Kristi Kiick and colleagues explain that scientists discovered resilin a half-century ago in the wing hinges of locusts and elastic tendons of dragonflies. The extraordinary natural protein tops the best synthetic rubbers. Resilin can stretch to three times its original length, for instance, and then spring back to its initial shape without losing its elasticity, despite repeated stretching and relaxing cycles. That's a crucial trait for insects that must flap or jump millions of times over their lifetimes. Scientists first synthesized resilin in 2005 and have been striving to harness its properties in medicine.

Kiick's team describes how their own research and experiments by other scientists are making major strides toward practical applications of resilin. Scientists have modified resilin with gold nanoparticles for possible use in diagnostics, engineered mosquito-based resin to act like human cartilage and developed a hybrid material for cardiovascular applications.

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Postby sdsichero » Fri Aug 09, 2013 10:16 am

Zapped malaria parasite raises vaccine hopes

A malaria vaccine has become the first to provide 100% protection against the disease, confounding critics and far surpassing any other experimental malaria vaccine tested. It will now be tested further in clinical trials in Africa.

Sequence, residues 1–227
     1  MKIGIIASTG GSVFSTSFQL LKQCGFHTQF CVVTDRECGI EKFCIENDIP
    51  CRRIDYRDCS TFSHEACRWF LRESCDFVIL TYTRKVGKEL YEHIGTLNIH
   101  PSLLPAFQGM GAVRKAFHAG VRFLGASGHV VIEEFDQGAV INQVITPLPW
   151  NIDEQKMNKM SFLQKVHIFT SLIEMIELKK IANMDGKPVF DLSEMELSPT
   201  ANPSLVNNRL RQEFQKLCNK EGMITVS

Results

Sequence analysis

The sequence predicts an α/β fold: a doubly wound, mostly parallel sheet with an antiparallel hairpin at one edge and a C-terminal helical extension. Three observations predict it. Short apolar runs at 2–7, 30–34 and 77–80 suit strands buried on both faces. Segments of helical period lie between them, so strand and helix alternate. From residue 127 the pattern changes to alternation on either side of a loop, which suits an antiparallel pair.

The results are important because they demonstrate for the first time the concept that a malaria vaccine can provide a high level of protection, says Anthony Fauci, director of the US National Institute of Allergy and Infectious Diseases in Bethesda, Maryland, adding that the findings are cause for "cautious optimism".

No effective malaria vaccine is available at present. The World Health Organization has set a target to develop a malaria vaccine with 80% efficacy by 2025, but until now, says Fauci, "we have not even gotten anywhere near that level of efficacy."

Scientists had previously been sceptical of the vaccine because producing it required overcoming massive logistical hurdles. The vaccine — called PfSPZ because it is made from sporozoites (SPZ), a stage in the life cycle of the malarial parasite Plasmodium falciparum (Pf) — uses a weakened form of the whole parasite to invoke an immune response.

In the phase I safety trial, reported today in Science1, the six subjects given five doses intravenously were 100% protected from later challenge by bites of infectious mosquitoes, whereas five of six unvaccinated controls developed malaria — as did three of nine people given only four doses of the vaccine.